If you feel the need for some praise and celebration, you can engage in that at home or maybe tag along with your Baptist neighbors and share in the good that their traditions have to offer. That’s the beauty of true Mormonism, we are free to enjoy all the good in the world wherever we may find it; the three hour block isn’t meant to be the sole expression of our spiritual lives .
Returning to the principle of meditation, I think if more Latter-day Saints practiced it in private and public worship, then the issue of church being boring would practically disappear. Once you take ownership of your spirituality, you don’t wait to have it spoon-fed to you, rather, you discern it and pull it from anything and everything around you. I believe that the principle of meditation and pondering is essential to any worshipper.
I shared an account from Richard G. Scott in another post recently  where he was in an unproductive gospel doctrine class. He was still able to be tuned in and receive revelation that actually had nothing to do with the class, in fact, he got up and left! I can relate to his experience though I don’t often get up and leave the class. Usually, in the process of listening, a certain remark or scripture leads me to disengage from the class mentally and I’m off in my own world, pondering and meditating upon some subject. Sometimes, I never re-engage with the class while other times I’m back in a few seconds. The point is that I believe very strongly in taking ownership of my own spirituality.
LDS worship services are not just about getting edifying instruction. We are there among fellow-saints, many of which struggle with a variety of issues and conflicting personality characteristics. We develop patience, charity, and a variety of Christ-like attributes by associating with people that we might not like while being blessed by others that we wish we could be more like.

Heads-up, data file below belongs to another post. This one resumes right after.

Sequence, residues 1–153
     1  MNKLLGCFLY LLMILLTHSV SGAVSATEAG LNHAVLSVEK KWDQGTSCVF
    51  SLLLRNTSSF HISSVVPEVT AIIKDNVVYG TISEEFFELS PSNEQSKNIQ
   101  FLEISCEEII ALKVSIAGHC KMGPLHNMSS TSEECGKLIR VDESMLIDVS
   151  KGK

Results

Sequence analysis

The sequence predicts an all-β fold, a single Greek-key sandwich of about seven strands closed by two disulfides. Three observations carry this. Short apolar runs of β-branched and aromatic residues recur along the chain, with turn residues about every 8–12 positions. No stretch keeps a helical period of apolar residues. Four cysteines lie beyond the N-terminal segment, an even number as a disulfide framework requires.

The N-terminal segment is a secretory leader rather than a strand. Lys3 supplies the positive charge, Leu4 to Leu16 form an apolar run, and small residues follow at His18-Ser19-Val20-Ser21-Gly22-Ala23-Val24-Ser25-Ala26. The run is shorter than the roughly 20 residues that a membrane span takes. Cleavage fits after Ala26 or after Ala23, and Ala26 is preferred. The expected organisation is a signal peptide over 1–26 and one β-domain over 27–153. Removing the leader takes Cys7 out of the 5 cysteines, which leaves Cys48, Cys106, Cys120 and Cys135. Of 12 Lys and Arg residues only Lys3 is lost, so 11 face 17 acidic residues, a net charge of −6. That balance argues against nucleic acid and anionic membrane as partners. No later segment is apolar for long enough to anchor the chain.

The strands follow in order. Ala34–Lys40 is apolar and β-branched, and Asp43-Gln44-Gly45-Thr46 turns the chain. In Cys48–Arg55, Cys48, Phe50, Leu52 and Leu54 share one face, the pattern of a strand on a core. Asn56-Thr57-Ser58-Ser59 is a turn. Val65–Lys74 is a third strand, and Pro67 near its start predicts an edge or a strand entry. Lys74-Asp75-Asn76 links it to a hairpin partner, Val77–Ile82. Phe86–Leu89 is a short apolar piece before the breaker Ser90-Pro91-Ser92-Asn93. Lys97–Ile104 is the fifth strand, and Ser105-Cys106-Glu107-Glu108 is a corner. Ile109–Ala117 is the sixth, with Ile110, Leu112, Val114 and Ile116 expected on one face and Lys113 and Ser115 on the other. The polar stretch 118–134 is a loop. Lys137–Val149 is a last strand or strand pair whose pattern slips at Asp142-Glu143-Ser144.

None of it works unless each individual takes ownership of their spirituality and engages in the community.
Boredom is a choice.
David O. McKay once taught:
“We pay too little attention to the value of meditation, a principle of devotion. In our worship there are two elements: One is spiritual communion arising from our own meditation; the other, instruction from others, particularly from those who have authority to guide and instruct us. Of the two, the more profitable introspectively is the meditation. Meditation is the language of the soul. It is defined as “a form of private devotion, or spiritual exercise, consisting in deep, continued reflection on some religious theme.” Meditation is a form of prayer. …
Meditation is one of the most secret, most sacred doors through which we pass into the presence of the Lord.” 
If you would like to learn more about how you can begin to experiment with meditation, read this post.
We live in an age of distraction and we are addicted to it, we crave it. We want to be connected to everything, to know the latest news and to snack endlessly on status updates. There is plenty of time for meditation, but can we detach long enough for it to be effective? Our ears itch to be satisfied with some new thing, patience is becoming an affliction to be avoided rather than a virtue to be developed. Many secret, sacred doors remain closed because the price of patience is becoming increasingly too high. Revolution stirs within our souls, will we maintain the status quo of carnal security or tip the scales in favor of a mighty change of heart?